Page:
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As part of activities to mark its 50th anniversary, the management of the Lagos University Teaching Hospital, Idi- Araba, would be offering free health services to the public.

The Chief Medical Director, LUTH, Prof Akin Oshibogun, who spoke at a press briefing organised by the hospital in Lagos, said the services to be provided would include free cleft lip-palate surgery, cancer surgeries, cataract, dental, optical and cardiovascular treatments for the less privileged from August.

Oshibogun added that for some comprehensive and expensive screening procedures, the hospital would offer a 50 per cent reduction in prices.

He said,”We are trying to play around the number 50 so all our services would revolve around that number. In all our sub-specialities, we would be offering free treatment for 50 persons.

“This is our way of giving back to the society in commemoration of 50 years of providing quality health services to the public.We will screen patients that come in and even though it would be on a first come, first serve basis, it will only be for those who ordinarily cannot afford them.”


Oshibogun also noted that apart from the free treatment, the hospital would be expanding the scope of services to include capsule endoscopy, total hip and knee replacement, small incision cataract surgery, laparoscopic surgery and open heart surgery.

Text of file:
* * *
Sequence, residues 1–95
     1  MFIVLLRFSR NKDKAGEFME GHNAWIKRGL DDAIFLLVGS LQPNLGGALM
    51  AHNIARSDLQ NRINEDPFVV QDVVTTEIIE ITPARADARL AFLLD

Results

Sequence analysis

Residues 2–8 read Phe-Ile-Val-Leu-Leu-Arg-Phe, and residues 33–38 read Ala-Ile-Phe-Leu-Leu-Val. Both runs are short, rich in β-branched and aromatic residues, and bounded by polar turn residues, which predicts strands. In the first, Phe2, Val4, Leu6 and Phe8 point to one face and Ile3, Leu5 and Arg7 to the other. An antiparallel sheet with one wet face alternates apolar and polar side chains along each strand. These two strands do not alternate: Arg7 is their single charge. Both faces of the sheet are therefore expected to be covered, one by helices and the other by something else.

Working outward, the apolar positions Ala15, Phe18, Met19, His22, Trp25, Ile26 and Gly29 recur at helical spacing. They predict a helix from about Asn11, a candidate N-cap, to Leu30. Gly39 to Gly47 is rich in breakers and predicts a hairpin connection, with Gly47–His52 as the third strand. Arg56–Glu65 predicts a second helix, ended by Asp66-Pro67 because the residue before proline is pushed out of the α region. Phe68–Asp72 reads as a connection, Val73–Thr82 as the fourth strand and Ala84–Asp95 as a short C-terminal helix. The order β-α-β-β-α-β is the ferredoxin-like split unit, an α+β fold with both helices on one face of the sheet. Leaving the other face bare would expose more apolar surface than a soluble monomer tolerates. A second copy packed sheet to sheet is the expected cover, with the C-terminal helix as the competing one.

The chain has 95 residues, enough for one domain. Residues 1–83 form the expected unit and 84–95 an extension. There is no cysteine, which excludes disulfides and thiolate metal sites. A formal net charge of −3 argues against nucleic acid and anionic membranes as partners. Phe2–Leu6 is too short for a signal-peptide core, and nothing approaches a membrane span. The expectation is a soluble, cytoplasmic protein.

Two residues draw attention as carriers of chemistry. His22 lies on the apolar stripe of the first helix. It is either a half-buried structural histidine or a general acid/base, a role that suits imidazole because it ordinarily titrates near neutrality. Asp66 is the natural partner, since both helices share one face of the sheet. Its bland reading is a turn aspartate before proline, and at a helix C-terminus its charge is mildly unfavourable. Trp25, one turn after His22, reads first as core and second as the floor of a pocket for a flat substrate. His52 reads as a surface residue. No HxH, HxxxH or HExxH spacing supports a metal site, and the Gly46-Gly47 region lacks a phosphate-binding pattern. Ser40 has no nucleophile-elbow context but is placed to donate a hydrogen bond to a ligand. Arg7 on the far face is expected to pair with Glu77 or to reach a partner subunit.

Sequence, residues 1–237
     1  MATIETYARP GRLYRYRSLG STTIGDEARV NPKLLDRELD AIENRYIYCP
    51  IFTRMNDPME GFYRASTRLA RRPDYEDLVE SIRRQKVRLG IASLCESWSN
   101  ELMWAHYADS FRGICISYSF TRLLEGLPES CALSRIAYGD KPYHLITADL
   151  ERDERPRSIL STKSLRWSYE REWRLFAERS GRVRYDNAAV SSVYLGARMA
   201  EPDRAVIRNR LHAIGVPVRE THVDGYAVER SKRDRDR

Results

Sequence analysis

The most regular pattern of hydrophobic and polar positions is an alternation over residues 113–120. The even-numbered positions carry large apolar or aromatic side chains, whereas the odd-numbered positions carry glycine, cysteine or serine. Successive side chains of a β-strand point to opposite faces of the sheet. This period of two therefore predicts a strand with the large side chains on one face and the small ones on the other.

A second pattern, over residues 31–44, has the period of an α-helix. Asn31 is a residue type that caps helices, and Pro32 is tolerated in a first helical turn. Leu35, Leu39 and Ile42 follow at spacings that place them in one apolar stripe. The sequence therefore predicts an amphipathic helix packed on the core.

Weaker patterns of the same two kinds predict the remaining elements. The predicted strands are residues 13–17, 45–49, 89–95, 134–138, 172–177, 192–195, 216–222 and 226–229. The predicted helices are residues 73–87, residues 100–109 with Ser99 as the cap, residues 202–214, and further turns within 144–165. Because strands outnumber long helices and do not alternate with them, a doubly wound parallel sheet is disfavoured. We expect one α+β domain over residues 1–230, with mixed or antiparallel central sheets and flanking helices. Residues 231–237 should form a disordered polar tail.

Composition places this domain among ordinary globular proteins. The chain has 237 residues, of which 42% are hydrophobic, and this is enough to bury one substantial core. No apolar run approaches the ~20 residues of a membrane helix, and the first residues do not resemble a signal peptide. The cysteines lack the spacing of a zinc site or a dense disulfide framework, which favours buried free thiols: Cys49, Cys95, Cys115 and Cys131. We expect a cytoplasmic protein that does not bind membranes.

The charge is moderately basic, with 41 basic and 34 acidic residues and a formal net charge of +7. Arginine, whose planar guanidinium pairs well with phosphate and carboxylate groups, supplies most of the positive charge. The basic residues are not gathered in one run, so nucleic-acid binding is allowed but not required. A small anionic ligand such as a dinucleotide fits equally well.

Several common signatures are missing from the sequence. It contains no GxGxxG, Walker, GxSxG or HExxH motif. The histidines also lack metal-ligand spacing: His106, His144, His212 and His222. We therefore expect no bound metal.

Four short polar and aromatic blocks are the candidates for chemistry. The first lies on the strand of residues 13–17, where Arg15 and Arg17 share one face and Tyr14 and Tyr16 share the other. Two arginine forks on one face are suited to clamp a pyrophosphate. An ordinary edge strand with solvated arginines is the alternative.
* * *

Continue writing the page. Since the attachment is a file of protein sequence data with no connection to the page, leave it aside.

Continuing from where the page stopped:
He called on corporate organisations and the private investors to partner with the hospital to enable the hospitals to provide more advanced medical procedures which Nigerians were seeking in foreign hospitals.

According to him, it is impossible for government to be the sole-financier of public health institutions and the sole provider of quality health care for its citizenry.

He said, “There is no country in the world that offers free quality health care services to its people. Services were free in the olden days because there were fewer patients so it was easy for government to write off patients’ bills.

“More technology is needed now to deliver adequate health care. Government cannot do it alone and the private sector must come in, if we do not expand our services, more Nigerians would continue to travel abroad for treatments that we have the manpower to offer.”


Stating the achievements of the hospital, the CMD said LUTH pioneered the first In- Vitro Fertilisation in the country, championed research on salt iodisation and exposed the chloroquine resistance malaria parasite in Nigeria.

Oshibogun added that though the hospital has the facilities to provide renal transplantation for patients, many patients still die of renal failure due to lack of donors.

He said, “One of our recent exploits is renal transplantation but people still go abroad to do it because it is very hard to get a donor here in Nigeria. We are creating awareness on the need for kidney donation as a means to save lives. There is no factory where they manufacture kidneys; it is people that will donate them.”

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